Students of 1930–1940
Rita Angus 1927–33
Doris Tutill 1929–34
William A. Sutton 1930–37
Tosswill Woollaston 1931
Leo Bensemann 1932–36
Rona Fleming 1932–39
Owen Lee 1932–39
Juliet Peter 1936–39
Austen Deans 1938
Joyce Simmons (neé Jefcoate) 1934–38

'During this period [c.1930–1950], Canterbury College's School of Art was at the forefront of the movement to create a New Zealand art, and contributed in no small measure to the development of the regional Canterbury style, dominated by the landscape. Although experimentation, modernism and the war also had impact on teaching, the School remained largely academic in its approach. The biggest change of the period in terms of teaching was the move away from the practical or industrial arts towards a narrower definition of fine arts.' (Terri Elder, Southern Exposure)

A 'print renaissance' occurs at the school over the late 1920s and early 1930s, with a strong emphasis on linocuts, a medium that was popular with British artists at the time.

Florence Akins is the first student to be awarded the newly instituted Diploma of Fine Arts by examination. Evelyn Page (Evelyn Polson) is appointed equivalent full-time Lecturer (1930–36).


Professor James Shelley is appointed to staff (1931–36, Lecturer 1931), and as Director of the School of Art is admitted to the Professorial Board, resulting in the school's greater integration with Canterbury University College.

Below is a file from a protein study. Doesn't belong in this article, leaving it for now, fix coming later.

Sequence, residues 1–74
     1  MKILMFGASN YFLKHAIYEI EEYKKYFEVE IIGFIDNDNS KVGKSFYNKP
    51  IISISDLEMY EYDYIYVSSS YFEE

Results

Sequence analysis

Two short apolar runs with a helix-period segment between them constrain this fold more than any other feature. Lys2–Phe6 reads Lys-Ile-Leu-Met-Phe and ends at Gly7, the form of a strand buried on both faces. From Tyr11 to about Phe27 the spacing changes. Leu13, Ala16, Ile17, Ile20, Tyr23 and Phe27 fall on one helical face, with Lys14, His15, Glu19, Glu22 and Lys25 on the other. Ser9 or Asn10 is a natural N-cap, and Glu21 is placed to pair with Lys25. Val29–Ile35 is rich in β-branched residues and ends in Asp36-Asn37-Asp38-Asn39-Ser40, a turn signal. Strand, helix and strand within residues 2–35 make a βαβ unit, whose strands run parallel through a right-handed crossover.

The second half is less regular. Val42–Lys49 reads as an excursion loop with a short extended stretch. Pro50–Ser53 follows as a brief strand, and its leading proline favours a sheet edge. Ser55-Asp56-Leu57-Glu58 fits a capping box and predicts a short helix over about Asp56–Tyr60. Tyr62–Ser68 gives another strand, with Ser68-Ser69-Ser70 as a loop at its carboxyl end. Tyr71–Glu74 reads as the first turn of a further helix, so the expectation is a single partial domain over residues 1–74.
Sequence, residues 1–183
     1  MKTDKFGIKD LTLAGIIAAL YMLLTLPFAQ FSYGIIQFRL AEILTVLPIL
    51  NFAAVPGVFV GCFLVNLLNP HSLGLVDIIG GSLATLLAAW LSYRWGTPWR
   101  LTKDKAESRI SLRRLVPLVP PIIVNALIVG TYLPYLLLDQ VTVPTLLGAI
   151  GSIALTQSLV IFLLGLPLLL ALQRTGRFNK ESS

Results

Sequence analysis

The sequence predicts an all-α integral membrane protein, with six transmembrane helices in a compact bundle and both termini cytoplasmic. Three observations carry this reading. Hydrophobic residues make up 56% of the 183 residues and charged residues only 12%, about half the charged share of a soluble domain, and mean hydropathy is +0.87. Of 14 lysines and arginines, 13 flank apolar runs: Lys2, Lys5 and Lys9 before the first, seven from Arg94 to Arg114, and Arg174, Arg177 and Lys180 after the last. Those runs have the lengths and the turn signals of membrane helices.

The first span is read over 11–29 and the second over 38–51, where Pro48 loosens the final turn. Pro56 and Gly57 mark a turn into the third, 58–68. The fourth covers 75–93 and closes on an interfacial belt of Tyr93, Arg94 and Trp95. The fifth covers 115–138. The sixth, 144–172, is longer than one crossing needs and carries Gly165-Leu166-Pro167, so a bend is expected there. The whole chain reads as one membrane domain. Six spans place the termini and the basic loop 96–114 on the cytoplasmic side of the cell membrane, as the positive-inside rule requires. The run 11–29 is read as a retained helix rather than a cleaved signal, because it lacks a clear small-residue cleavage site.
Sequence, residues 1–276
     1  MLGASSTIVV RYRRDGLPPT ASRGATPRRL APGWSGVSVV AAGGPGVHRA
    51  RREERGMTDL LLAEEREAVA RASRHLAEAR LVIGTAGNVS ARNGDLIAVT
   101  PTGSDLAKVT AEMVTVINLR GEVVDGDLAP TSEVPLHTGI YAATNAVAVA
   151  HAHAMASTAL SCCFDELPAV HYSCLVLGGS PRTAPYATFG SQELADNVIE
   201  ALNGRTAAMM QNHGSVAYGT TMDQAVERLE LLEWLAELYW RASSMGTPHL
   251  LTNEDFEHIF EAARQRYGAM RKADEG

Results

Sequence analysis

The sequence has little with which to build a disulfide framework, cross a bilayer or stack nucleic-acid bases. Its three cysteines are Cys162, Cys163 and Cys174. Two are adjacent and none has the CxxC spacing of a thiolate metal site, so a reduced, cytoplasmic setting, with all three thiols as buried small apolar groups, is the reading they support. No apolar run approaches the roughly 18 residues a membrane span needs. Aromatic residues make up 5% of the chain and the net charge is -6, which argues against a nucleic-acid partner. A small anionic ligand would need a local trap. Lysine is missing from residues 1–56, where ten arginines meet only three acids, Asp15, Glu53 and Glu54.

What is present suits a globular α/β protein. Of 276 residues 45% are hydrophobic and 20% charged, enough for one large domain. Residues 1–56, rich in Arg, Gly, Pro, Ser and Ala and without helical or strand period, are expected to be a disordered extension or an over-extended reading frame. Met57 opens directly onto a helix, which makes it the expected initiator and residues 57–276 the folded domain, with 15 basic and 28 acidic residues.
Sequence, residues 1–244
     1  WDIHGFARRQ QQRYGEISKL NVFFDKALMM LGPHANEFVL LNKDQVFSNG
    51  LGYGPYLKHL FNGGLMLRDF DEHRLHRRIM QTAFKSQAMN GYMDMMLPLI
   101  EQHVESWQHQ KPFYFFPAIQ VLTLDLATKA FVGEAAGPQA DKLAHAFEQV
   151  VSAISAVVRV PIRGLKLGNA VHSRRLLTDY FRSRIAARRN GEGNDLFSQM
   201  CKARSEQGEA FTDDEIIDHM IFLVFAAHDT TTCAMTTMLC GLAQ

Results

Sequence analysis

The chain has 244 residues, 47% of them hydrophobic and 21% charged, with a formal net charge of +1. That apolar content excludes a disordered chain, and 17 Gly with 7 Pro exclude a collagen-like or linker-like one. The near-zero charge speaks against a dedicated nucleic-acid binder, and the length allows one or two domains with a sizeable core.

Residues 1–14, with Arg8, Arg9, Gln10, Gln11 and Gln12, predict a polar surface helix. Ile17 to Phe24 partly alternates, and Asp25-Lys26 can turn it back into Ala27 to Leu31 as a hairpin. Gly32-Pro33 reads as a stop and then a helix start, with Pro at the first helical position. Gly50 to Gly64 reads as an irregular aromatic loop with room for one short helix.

From 11-16 July the School of Art celebrates its 50th Jubilee with a diverse, 200 work retrospective exhibition at the Armagh Street Gallery which includes work by current and past students and staff.

Christchurch's first public art gallery, the Robert McDougall Art Gallery, opens in June, enabling the art students to view a greater selection of contemporary and historical works.


Ivy Copeland is appointed to staff (1933–36).


Following a period working as a full-time artist, former Director of the school Archibald F. Nicoll is reappointed as a lecturer (1934–45). Ivy Fife is appointed to the staff (1934–59).


Florence Akins, the first student to be awarded the Dip.FA, is appointed to staff and becomes one of the school's longest serving staff members (1936–69). In 2006 she celebrated her 100th birthday. She initially taught the junior students, sending two girls across the road to the Botanical Gardens each morning to obtain plant cuttings from the gardener who selected seasonal specimens of particular interest. From drawings of plants, designs were developed for embroidery or paper repeat design work.


With the growth of the Junior School in the early 1930s, more students attend CCSA as a high school, and more teaching positions are made available for women. Generally women taught junior classes while older male staff taught tertiary or senior students.